Meso Overview

The meso level refers to activities at the regional or subregional level as well as among local health authorities and primary care networks. This phase relates to full scale implementation of the digital health solution in real-world settings based on what has been planned at the Macro level. Implementation should take a staggered approach to allow for incremental learning, feedback cycles and modification of the technology or implementation strategy as needed. This also allows for adjusting personnel and clinical or administrative routines, if needed. A clear plan for data collection, monitoring and tracking of key metrics of interest should have been established in the planning phase. Evaluating and reflecting in the implementing phase broadly seeks to answer these questions:

  • What does implementation rollout look like in real-world settings?
  • What (if any) changes (intended and un-intended) have occurred as a result of implementation?
  • What have we learnt so far and how can we revise policy, practice, or implementation in response to these lessons?
  • What are the short (6months-2years), medium (2-4years) or long-term (>4years) outcomes of the digital health solution?
For the complete Meso level Implementing Matrix please download the PDF with the full table.
  • Equity


    Health equity implies that everyone has a fair opportunity to attain long and healthy lives and that no one is disadvantaged from achieving this potential irrespective of their social, economic, geographic, demographic, racial or ethnic grouping.

    Digital Health Equity is achieved when all people have equal opportunity to access, use and benefit from digital health to attain long and healthy lives.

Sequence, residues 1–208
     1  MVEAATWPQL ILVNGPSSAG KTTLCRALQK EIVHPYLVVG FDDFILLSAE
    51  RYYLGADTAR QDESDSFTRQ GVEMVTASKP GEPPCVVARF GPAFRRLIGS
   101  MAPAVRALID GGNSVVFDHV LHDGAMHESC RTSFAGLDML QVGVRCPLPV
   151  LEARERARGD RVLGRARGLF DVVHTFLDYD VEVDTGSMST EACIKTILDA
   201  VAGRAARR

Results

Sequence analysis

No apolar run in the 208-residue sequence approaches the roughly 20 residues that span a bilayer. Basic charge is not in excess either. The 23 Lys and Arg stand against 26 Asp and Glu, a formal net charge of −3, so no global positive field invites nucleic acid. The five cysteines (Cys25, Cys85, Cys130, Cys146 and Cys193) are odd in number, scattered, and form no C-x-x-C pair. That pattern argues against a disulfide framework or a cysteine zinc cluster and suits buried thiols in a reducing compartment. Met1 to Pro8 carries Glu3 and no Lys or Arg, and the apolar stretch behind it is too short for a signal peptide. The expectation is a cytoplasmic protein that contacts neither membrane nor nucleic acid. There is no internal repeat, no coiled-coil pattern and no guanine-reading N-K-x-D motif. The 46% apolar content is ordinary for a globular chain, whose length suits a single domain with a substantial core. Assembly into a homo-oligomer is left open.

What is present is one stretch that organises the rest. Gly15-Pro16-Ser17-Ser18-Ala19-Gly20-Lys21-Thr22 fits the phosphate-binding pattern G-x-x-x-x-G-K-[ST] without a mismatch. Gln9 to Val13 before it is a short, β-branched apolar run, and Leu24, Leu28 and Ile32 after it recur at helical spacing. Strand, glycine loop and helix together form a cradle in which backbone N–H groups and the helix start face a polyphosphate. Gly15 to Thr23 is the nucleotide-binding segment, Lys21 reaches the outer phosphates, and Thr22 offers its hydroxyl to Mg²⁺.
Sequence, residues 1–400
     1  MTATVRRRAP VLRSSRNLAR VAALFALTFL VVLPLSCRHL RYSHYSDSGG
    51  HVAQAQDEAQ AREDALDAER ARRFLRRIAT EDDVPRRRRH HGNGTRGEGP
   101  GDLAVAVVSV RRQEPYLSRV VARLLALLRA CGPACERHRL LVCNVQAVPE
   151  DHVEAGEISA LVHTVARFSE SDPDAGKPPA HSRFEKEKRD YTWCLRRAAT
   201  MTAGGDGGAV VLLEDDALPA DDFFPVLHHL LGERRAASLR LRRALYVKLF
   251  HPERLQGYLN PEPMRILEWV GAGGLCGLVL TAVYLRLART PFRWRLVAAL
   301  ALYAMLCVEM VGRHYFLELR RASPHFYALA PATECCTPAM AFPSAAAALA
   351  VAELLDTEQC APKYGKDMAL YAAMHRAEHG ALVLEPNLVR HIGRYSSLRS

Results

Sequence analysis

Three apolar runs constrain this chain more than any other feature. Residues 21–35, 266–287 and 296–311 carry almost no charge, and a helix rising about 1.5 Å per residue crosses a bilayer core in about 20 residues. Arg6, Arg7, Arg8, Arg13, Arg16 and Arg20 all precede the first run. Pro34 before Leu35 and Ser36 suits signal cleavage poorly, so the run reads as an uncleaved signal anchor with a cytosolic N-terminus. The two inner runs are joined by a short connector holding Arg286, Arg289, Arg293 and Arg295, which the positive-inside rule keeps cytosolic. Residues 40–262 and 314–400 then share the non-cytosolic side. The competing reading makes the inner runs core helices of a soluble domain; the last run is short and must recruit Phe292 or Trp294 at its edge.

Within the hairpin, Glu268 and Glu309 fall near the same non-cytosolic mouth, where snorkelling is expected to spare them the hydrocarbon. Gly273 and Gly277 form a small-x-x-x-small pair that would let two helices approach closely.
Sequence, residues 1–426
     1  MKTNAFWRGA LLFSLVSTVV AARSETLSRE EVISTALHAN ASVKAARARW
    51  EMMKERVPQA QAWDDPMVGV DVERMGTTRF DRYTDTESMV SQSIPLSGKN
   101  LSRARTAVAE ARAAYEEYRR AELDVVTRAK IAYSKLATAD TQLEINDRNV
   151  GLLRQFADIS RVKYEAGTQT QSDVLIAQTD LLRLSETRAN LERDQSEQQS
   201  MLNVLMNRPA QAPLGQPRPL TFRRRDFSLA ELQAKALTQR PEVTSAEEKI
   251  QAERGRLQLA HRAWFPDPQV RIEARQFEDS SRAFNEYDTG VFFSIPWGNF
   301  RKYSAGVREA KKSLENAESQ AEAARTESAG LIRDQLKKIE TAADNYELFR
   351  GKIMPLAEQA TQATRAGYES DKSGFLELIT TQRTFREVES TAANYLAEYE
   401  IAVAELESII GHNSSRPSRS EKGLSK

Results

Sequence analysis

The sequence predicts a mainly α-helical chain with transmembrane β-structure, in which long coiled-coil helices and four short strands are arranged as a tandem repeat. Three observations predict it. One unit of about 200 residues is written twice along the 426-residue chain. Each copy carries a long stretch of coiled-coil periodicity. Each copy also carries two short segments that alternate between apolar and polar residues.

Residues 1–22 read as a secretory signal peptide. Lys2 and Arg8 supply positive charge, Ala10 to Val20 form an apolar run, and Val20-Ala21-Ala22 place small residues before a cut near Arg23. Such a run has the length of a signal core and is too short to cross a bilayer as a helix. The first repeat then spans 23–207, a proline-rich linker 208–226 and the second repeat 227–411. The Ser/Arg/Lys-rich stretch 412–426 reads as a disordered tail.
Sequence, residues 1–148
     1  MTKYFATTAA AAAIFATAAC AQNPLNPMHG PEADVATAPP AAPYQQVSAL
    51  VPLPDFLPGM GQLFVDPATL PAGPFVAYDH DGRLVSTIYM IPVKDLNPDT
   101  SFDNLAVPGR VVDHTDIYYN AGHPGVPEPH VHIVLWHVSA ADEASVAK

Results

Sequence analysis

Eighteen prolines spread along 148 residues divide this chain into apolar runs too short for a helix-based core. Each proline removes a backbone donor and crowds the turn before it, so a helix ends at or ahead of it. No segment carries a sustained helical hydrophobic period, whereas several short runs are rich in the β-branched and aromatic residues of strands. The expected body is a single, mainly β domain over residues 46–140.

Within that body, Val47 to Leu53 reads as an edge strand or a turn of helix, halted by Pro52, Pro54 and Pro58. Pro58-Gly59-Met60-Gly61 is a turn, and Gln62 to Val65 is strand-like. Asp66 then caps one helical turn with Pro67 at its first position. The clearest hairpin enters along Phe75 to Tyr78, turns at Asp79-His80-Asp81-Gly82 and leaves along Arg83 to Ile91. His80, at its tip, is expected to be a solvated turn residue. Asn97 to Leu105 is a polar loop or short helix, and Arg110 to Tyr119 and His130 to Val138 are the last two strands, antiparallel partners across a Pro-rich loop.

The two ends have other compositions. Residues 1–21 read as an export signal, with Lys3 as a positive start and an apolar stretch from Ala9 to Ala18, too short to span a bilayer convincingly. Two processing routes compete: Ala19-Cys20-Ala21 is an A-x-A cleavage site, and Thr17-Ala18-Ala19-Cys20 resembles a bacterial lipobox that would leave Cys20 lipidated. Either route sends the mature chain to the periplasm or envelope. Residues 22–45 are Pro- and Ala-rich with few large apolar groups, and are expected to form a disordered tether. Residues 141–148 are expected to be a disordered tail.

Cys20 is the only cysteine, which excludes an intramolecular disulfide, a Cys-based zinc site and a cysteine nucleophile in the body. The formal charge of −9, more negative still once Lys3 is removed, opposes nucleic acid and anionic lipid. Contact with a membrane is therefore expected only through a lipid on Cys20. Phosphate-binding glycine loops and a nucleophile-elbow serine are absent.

• Sustainability


    This is the process by which the digital health solution and the practices and policies that support it become institutionalized or integrated within the structures and systems for health care delivery.

  • Contextual Factors


    This encompasses the wider institutional, sociocultural and economic environment of digital health implementation at the meso, meso, and micro levels that can act to enable or constrain implementation.

  • Acceptability


    Acceptability is “a multi-faceted construct that reflects the extent to which people delivering or receiving healthcare using a digital health solution consider it to be appropriate based on anticipated or experienced cognitive and emotional responses to the intervention”.

  • Appropriateness


    This is related to the fit, relevance, and compatibility of the digital health solution for a given setting, provider or patient, to address a specific health condition. Digital health solutions should be clinically relevant and tailored to align with the comfort, needs and preferences of target end user and beneficiaries.

    It includes ensuring an optimum fit between the solution, policy priorities for health and health system resources to drive population-level outcomes.

  • Efficiency


    Efficiency refers to optimal use of available resources (financial & human) to achieve set goals of a digital health solution.

    It can also refer to how well a digital health solution or tool is designed. Poor user interface design can reduce efficiencies increasing the likelihood of data or inputting errors. E.g. too many menus, alerts, high proficiency required to use.

  • Effectiveness


    Effectiveness is the performance of a digital health solution in the real world, including in routine clinical practice, home or community care, and in the context of continuity of care with individuals or local dispersed teams and referral services.

  • Fidelity


    This is the degree to which a digital health solution is implemented as prescribed during the planning stage and delivered as intended. It also includes adaptations made to the technology and changes to the implementation strategy.